Brushes with Culture

This is a space where I can reflect on the many fascinating things that I experience. Some of the things I brush with are Culture with a capital C. Others are just intriguing moments. Sometimes I am brushing with these moments in a hurry. This is a chance to relive those moments in tranquility. These are the stories I tell myself in those quieter moments.

Sunday, June 03, 2007

My Child and my Childhood

Last May I went to the theatre a lot and I did the same this May. What is it about May, I wonder?

High spot was yesterday's My Child at the Royal Court, which also finished last night. And I liked it because it was sharp, pacey and painful. The set enveloped us and I'd argue with the reviewer who found it stuck too far in the the internal worlds of the characters and low on references to the wider context. The tube-carriage-style space we inhabited (standing) captured the pace and technologisation of the world ('Mum, he doesn't know what an Xbox is') and the adverts around us captured the surface culture we are fed, that stresses looks and money ('I want a dad that's rich and strong.') Sympathy may not have been wholly with the out-of-work philosophy major father but his final questions about why it's not enough to be good and mean well had a certain resonance. Excellent casting - the family all had a likeness and a snappiness that partnered their vulnerability. The brittleness was palpable. One of the best things I've seen in a while.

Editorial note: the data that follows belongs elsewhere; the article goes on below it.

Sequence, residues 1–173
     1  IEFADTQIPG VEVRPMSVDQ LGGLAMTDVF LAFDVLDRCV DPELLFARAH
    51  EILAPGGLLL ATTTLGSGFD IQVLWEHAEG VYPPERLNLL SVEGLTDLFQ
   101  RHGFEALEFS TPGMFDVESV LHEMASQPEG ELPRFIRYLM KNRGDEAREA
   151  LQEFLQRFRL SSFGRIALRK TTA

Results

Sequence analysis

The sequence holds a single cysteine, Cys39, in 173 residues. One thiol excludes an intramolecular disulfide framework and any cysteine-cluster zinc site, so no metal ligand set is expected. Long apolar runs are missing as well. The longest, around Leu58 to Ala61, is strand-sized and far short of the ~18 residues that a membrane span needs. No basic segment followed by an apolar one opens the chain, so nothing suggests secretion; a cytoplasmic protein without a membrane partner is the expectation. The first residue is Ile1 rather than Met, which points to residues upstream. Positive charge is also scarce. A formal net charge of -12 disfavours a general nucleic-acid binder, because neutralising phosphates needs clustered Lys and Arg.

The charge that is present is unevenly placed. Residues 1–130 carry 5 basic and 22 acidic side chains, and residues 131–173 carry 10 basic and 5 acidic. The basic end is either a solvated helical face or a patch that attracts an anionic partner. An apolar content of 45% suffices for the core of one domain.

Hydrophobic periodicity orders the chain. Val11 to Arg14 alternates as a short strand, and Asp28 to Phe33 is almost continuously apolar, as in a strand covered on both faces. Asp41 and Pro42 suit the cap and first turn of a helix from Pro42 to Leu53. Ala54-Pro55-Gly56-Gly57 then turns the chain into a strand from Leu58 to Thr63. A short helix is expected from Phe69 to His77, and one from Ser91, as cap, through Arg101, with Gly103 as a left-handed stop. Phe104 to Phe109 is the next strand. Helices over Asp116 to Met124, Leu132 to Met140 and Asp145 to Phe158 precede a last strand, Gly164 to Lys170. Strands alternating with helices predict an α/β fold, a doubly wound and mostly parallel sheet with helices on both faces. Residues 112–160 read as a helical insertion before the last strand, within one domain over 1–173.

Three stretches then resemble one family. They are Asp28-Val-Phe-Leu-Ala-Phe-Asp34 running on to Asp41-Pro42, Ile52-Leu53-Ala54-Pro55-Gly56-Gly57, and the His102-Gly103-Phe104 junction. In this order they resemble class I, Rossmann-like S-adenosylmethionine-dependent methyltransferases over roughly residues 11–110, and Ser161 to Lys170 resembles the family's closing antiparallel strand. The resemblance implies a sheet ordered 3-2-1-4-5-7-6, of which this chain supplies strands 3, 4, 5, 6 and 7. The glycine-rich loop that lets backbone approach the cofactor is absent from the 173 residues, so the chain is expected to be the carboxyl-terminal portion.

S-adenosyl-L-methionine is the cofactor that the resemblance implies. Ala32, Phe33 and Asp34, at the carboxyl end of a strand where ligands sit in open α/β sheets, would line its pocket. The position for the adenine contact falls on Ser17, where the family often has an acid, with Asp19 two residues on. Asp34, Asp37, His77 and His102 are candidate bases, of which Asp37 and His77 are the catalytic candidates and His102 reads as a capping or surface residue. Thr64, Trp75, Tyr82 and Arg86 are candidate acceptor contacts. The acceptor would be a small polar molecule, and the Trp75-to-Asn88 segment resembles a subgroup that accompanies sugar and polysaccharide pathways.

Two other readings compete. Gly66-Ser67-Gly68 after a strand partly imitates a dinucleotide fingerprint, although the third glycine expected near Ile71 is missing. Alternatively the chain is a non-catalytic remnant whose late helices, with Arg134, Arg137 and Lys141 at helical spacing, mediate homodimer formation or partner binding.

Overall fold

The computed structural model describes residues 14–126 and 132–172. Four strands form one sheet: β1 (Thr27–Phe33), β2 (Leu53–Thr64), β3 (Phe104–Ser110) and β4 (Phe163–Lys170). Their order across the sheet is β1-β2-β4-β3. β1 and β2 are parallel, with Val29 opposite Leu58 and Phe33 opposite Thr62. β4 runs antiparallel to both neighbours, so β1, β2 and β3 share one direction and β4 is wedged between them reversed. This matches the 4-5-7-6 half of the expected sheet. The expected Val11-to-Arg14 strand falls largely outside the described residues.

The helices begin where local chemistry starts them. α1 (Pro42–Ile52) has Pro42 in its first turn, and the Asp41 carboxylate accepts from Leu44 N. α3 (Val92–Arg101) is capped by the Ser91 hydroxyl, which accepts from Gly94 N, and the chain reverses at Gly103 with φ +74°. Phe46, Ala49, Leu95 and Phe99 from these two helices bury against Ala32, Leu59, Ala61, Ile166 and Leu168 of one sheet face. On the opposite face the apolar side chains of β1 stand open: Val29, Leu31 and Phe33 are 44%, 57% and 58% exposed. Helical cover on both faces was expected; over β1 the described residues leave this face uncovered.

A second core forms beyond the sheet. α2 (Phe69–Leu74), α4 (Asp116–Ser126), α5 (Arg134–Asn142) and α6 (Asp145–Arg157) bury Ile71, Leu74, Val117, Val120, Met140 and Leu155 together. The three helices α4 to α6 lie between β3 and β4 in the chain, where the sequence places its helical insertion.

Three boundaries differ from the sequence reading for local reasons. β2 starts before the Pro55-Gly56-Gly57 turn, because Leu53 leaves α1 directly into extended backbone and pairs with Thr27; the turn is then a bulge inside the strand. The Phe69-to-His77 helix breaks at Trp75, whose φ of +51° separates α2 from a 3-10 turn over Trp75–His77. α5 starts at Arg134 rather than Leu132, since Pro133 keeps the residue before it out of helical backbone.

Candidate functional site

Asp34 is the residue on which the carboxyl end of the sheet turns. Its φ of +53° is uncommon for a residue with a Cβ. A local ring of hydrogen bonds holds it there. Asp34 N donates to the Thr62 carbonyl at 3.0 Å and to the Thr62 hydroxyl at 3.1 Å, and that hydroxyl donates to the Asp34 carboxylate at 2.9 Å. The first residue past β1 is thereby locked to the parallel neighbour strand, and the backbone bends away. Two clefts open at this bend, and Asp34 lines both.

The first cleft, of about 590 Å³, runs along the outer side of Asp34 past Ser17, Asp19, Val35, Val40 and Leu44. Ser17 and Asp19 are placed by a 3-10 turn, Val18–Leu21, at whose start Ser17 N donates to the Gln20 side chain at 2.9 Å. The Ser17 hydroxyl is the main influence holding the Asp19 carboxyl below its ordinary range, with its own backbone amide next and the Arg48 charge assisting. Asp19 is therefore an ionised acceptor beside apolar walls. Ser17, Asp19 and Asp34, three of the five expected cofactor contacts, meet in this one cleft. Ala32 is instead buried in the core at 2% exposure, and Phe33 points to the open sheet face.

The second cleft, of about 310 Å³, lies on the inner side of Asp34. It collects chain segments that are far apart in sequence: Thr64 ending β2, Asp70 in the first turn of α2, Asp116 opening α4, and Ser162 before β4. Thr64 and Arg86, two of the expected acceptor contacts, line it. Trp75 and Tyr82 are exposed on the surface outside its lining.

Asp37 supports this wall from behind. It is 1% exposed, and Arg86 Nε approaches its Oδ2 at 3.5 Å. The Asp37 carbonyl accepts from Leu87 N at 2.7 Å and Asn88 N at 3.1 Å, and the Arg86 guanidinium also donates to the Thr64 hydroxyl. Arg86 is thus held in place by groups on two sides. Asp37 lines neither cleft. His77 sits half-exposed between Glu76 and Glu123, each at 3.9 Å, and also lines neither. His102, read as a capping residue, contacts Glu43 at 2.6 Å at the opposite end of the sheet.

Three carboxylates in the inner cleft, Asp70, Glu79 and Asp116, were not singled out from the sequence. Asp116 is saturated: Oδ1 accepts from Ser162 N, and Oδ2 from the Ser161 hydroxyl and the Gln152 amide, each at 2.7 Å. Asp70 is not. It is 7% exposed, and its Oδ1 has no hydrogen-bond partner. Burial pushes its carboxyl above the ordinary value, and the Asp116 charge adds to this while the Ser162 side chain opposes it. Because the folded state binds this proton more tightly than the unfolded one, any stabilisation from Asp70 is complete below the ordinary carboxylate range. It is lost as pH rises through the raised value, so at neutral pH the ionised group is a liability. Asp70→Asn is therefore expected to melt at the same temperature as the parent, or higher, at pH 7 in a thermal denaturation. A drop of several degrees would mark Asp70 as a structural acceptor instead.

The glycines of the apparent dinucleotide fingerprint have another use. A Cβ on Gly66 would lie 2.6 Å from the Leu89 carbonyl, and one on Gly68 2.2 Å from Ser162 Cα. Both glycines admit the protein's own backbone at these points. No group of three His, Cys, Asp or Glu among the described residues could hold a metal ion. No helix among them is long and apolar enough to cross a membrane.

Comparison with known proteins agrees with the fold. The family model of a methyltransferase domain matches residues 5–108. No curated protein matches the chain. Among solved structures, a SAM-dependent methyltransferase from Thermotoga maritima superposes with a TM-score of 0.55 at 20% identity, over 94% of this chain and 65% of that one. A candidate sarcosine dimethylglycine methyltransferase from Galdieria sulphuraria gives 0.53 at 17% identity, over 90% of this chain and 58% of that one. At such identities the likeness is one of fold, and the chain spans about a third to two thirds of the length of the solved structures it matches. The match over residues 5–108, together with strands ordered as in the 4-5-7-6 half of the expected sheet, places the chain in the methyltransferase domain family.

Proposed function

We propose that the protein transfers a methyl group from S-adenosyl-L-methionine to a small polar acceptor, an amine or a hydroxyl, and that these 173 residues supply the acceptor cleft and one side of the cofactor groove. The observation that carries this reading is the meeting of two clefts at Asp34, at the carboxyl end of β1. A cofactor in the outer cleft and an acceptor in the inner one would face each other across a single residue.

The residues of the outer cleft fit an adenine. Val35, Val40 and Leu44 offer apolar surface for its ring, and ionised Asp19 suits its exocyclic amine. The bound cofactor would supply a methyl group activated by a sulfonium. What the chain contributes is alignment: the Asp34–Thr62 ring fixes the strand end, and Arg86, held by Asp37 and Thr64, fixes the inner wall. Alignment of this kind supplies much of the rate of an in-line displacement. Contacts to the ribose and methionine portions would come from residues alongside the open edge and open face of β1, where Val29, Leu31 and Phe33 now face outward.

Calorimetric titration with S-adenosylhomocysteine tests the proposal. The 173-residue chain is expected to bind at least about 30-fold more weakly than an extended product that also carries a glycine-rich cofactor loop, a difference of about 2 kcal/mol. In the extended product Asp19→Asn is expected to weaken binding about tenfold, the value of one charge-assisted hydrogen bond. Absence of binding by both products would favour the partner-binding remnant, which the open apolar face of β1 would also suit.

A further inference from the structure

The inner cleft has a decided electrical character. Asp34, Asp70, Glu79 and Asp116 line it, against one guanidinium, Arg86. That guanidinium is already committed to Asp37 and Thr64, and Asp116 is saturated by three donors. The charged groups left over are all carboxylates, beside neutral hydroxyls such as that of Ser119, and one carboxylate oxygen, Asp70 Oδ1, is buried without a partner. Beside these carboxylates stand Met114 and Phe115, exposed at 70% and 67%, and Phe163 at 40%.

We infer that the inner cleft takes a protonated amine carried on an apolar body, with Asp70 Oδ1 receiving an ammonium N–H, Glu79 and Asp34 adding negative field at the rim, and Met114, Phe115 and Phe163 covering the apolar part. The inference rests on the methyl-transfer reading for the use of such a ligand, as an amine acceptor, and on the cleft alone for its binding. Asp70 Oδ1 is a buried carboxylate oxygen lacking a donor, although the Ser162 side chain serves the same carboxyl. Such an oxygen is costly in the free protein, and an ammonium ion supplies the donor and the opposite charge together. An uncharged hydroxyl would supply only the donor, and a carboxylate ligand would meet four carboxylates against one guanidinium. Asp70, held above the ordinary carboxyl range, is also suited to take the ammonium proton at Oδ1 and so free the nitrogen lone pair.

And then I woke up this morning and realised it was Sunday and I hadn't missed the Mail on Sunday's offer of a free 10CC greatest hits CD. It was my one regret when I went to bed that I'd been singing the hits featured on the advert ever since I'd heard it in the week and then forgotten to buy the paper. So now I have that walk back to the newsagents and to adolescence to look forward to. Which is a whole other story. But it was a salutary reminder that adverts do shape our world. Harnessing sappy memories of way back to sell us ridiculous things... Can't imagine that I'll open that evil organ of middle England it came in, though.


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